# Real Inner Product Space, Hermitian Operator $T = S^{n}$ for n odd

Let V be a finite dimensional inner product space over $$\mathbb{R}$$, and $$T: V\rightarrow V$$ hermitian.

Suppose n is an odd positive integer.
Want to show:
$$\exists S:V\rightarrow V$$ such that $$T = S^{n}$$

Here, I know that T is Hermitian if $$T = T^{*}$$ its complex conjugate and so, $$T = T^{t}$$ because it is a real operator.

I am having trouble with this question because I don't know where the criteria that n is odd will come in. Will the reasoning be similar to this? https://math.stackexchange.com/a/89715/651806

• Because $x \mapsto \sqrt[n]{x}$ is bijective. And $T$ can be diagonalised... – copper.hat Mar 18 at 20:26
• If all you have is a real scalar product you don't have a notion of hermitian. You mean $T$ is symmetric? The latter means that $T$ can be diagonalized by a orthogonal transformation and the eigenvalues are real. Then you need to find the $n$-th root of said numbers. If $n$ is odd there's always a real solution. – lcv Mar 18 at 20:28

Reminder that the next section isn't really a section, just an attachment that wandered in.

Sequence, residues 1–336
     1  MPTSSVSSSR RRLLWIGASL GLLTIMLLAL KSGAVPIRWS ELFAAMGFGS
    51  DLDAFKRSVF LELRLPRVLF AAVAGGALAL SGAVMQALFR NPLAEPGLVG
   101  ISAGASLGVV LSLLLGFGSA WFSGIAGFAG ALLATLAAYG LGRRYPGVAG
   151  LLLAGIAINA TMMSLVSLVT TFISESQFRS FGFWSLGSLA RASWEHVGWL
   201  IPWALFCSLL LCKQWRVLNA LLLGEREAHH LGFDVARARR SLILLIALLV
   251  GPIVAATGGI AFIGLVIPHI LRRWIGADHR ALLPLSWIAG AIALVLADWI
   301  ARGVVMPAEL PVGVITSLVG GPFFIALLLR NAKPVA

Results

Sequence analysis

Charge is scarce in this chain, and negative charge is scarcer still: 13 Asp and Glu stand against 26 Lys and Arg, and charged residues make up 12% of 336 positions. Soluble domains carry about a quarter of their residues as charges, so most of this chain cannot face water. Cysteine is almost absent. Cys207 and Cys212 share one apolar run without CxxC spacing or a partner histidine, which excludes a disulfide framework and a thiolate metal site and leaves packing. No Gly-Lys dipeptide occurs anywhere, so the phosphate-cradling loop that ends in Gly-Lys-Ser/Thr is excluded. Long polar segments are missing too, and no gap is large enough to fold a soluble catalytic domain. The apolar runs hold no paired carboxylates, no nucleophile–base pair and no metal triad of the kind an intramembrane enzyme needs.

On a finite-dimensional real inner product space, the notions of hermitian and symmetric for operators coincide; that is,

$$T^\dagger = T^t = T; \tag 1$$

since $$T$$ is symmetric, it may be diagonalized by some orthogonal operator

$$O:V \to V, \tag 2$$

$$OO^t = O^tO = I, \tag 3$$

$$OTO^t = D = \text{diag} (t_1, t_2, \ldots, t_m), \; t_i \in \Bbb R, \; 1 \le i \le m, \tag 4$$

where

$$m = \dim_{\Bbb R}V; \tag 5$$

since each $$t_i \in \Bbb R$$, for odd $$n \in \Bbb N$$ there exists

$$\rho_i \in \Bbb R, \; \rho_i^n =t_i; \tag 6$$

we observe that this assertion fails for even $$n$$, since negative reals do not have even roots; we set

$$R = \text{diag} (\rho_1, \rho_2, \ldots, \rho_m); \tag 7$$

then

$$R^n = \text{diag} (\rho_1^n, \rho_2^n, \ldots, \rho_m^n) = \text{diag} (t_1, t_2, \ldots, t_m) = D; \tag 8$$

it follows that

$$T = O^tDO = O^tR^nO = (O^tRO)^n, \tag 9$$

where we have used the general property that matrix conjugation preserves products:

$$O^tAOO^TBO = O^tABO, \tag{10}$$

in affirming (9). We close by simply setting

$$S = O^tRO. \tag{11}$$